Duck confit recipe from A Girl and Her Pig by April Bloomfield adapted for 6 duck legs. The process takes 2 days and is best made some time in advance.

36 peppercorns
36 juniper berries
8 dried pequin chilies or pinches of red pepper flakes
1/2 small cinnamon stick
Small handfull fresh thyme
10 medium garlic cloves
1/3 cup coarse sea salt
6 duck legs
About 1.4 kg duck (or goose) fat

In a mortar, crush together the peppercorns, juniper, chilies, and cinnamon. There should be fine and coarse bits. Add the thyme leaves picked from the stems and the garlic and crush some more to obtain a coarse paste. In a small bowl, mix the spice mixture with the salt.

Place the duck legs in a shallow dish and rub the salt/spice mixture all over the legs. Cover with plastic wrap and leave in the refrigerator overnight.

The next day, very slowly heat the fat in a small pot that will perfectly fit the duck legs (I used a 10″/25cm pot). Rinse the duck legs and pat them dry with a paper towel, then carefully put the legs in the fat. The legs must be completely submerged — if they are not, use  a smaller pot or add a bit more fat. Cook on extremely low heat for about 2 1/2 hours. There should be barely a simmer. Adjust the heat as necessary.

Remove the pot from the heat and leave the duck legs in the fat to cool completely before placing in the refrigerator, covered with a lid. The legs submerged in fat will keep for a few weeks.

When ready to eat, remove the legs from the congealed fat, and carefully scrape off as much of the fat as possible. Thoroughly heat a heavy skillet/frying pan, add a few generous spoonfuls of the duck fat, and fry the legs over high heat, skin side down, until deliciously crispy. Turn around and fry the other side of the legs too. Serve immediately.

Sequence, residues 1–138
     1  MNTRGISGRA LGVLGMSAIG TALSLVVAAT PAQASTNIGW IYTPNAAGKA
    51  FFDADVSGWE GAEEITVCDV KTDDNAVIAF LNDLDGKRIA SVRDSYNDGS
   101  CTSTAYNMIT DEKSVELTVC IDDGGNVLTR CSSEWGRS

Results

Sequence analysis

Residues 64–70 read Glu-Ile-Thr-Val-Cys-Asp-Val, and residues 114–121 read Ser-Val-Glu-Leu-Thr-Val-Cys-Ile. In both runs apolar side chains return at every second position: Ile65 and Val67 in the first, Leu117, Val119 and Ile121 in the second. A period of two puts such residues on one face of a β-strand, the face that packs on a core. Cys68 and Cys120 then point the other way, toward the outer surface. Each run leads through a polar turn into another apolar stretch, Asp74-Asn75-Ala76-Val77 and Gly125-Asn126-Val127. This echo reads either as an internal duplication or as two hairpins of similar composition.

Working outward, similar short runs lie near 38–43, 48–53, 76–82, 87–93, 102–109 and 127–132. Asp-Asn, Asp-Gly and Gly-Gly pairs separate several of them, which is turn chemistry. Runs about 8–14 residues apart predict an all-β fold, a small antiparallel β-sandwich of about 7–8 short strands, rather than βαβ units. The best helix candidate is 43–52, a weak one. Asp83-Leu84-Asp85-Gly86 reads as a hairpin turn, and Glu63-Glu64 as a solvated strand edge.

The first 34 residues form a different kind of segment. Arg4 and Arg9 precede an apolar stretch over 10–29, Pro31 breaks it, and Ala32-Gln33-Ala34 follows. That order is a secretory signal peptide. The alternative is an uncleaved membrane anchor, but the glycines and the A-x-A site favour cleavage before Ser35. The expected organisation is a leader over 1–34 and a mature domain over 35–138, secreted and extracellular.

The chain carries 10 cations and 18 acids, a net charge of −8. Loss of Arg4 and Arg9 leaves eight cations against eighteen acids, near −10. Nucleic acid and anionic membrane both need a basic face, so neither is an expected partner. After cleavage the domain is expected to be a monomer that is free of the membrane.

Crispy duck confit is best served with roasted potatoes and a salad of bitter greens (traditionally frisée, but also escarole, radicchio, arugula, etc…).

Quinces poached with honey and bay

20 October 2016

img_7273

For someone who has named their blog after the fruit, I have far too few quince recipes on this site! So if you have made too much quince jelly, if you have no time for quince paste, if you are still waiting for the lamb and quince tagine promised some six years ago (blame this, like so much else, on Thomas), here, finally, is a recipe for poached quinces.

img_7293

Poached quinces recipe
Recipe inspired by Alice Waters’ poached quinces in Chez Panisse Fruit and Skye Gyngell’s baked quinces from A year in my kitchen

2 cups golden/caster sugar
4 medium quinces (about 2 lbs)
3 Tbsps flavorful honey
1/2 vanilla bean
One bay leaf (I used a fresh one)
1/2 cinnamon stick
1 untreated lemon

Make a syrup with the sugar and 6 cups (1.5 liters) of water. Bring to a boil and simmer briefly until the sugar has dissolved.

Meanwhile, wash, peel, core, and slice the quinces lengthwise into quarters then eighths (this must be done at the last minute as quinces tend to turn brown very quickly).

Slice one half of the lemon very thinly, and juice the other half.

Add to the simmering syrup the honey, the vanilla bean after scraping out the seeds into the syrup, the bay leaf, the cinnamon stick, the lemon slices, the lemon juice, and finally, the quince slices. Cover the liquid with a round of parchment paper and place a weight on top if possible to ensure that the pieces of quince are submerged in the liquid as they cook. Let the quince simmer for approximately 45 minutes until they are tender.

Once cooked, carefully strain out the pieces of quince and place them in a bowl or canning jars. Return the syrup without the quinces to the heat and simmer down for a good 20 to 30 minutes to concentrate the liquid (there must be enough left to cover the fruit!).

If preserving, sterilize the canning jars in boiling water for 5 to 10 minutes and close the jars immediately after pouring the reduced hot liquid on top of the fruit.

If using immediately, pour the hot liquid over the fruit and let cool to room temperature.

In both cases serve with thick Greek-style yogurt.

img_7271

After-school lemonade

26 June 2015

IMG_0533

One day I will write extensively about London weather, or rather the interesting relationship the English have to English weather. Today I am just enjoying another one of those glorious summer days we’ve had this year, hot afternoons that simply scream of cooling lemonades. I usually just wing it, here I paid attention as the proportions seemed just right.

4 lemons

3 tablespoons light brown sugar

Large sprig of fresh mint

Ice cubes

Sparkling water

Juice the lemons. Pour the juice into a large jug over a few handfuls of ice cubes. Add the sugar and stir until it’s completely dissolved. Add the mint and give it a swirl.

Pour the juice into each individual glass to about a third full and top up with sparkling water.


%d bloggers like this: